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Dress

By Typesenses

Looking at some specimen books of printing types of late nineteenth century, I found many ornamented capitals for headings among the typefaces. Most of them showed a flourish like a tuscan serif - a characteristic trait of a peculiar capital lettering made with brush. Dress is the result of the mash up between that influence and the Didone style - perfect for display. To decorate, to adorn, to dress a design piece is the intention of this family, adapted to the twenty-first century. The font should embellish book covers, publications, packagings, movie posters, greeting cards, stationery, among other uses. Additionally, Dress matches very well with Limon Script.

Started up by the author’s hand, Dress is a professional work, accurate, well spaced, with ligatures and alternates for uppercases, initials, endings and figures. Each variable contains more than 1200 glyphs with plenty of OpenType features and extensive Western, Central and Eastern European language support. The characters of the shades, inlines and outlines were not automatically made. Instead, they were drawn one by one in order to take care of every detail, even the change of pressure of the hairlines.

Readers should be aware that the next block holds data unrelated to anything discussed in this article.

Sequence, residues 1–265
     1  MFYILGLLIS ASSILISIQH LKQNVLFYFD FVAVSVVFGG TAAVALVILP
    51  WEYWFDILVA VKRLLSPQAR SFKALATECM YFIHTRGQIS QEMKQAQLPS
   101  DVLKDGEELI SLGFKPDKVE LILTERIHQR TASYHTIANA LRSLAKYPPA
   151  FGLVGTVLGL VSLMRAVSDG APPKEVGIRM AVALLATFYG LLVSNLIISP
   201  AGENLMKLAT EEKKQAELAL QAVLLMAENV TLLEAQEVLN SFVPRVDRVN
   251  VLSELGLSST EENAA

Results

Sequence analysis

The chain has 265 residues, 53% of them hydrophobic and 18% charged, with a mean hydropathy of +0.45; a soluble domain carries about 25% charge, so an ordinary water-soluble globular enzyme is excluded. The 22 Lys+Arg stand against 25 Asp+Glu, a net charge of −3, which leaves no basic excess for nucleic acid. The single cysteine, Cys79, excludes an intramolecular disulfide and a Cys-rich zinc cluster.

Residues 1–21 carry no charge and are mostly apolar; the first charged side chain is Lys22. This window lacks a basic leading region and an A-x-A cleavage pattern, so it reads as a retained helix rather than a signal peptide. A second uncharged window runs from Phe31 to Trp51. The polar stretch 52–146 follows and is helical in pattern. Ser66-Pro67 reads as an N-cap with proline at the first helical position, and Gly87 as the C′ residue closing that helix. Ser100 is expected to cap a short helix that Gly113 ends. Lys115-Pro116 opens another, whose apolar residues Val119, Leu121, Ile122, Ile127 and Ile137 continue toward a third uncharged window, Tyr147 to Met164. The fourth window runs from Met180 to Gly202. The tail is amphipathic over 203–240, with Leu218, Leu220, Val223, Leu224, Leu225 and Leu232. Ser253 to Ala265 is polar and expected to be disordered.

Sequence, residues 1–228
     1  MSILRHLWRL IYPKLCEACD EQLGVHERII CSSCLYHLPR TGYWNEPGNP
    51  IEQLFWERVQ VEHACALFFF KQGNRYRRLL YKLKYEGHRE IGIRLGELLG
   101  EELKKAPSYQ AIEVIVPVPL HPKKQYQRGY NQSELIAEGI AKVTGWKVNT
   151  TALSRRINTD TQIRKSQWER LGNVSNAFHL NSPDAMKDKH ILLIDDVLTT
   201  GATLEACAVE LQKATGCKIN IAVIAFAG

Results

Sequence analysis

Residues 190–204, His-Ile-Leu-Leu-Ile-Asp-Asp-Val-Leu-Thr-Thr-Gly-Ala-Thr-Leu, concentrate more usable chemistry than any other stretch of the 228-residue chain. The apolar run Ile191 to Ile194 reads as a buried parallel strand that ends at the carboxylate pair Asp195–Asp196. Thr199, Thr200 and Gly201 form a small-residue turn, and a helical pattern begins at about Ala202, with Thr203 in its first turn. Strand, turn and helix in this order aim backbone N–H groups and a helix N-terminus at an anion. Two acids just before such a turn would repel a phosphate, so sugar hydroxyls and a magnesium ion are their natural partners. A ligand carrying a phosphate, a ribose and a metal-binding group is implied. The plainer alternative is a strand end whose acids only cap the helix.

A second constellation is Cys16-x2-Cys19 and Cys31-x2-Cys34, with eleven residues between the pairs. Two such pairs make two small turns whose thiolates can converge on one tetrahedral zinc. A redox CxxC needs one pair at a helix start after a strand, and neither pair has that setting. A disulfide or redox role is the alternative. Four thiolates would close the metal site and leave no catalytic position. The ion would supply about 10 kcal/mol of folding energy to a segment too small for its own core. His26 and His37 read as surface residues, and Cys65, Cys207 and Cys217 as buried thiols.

The main member of this family is the Base font which can be used alone or decorated with the layers: Shade One or Shade Two, Inline One or Inline Two and Outline. In this way, experienced designers will create their own combinations. On the other hand, there are multi-layered fonts that make Dress easier to use: Dress Combo One to Five. Additionally, Dress Deco adorns the beginning and the ending of the words (1) while the Ornaments decorates the whole design. The family package contains all this thirteen options.

Let’s Dress your work!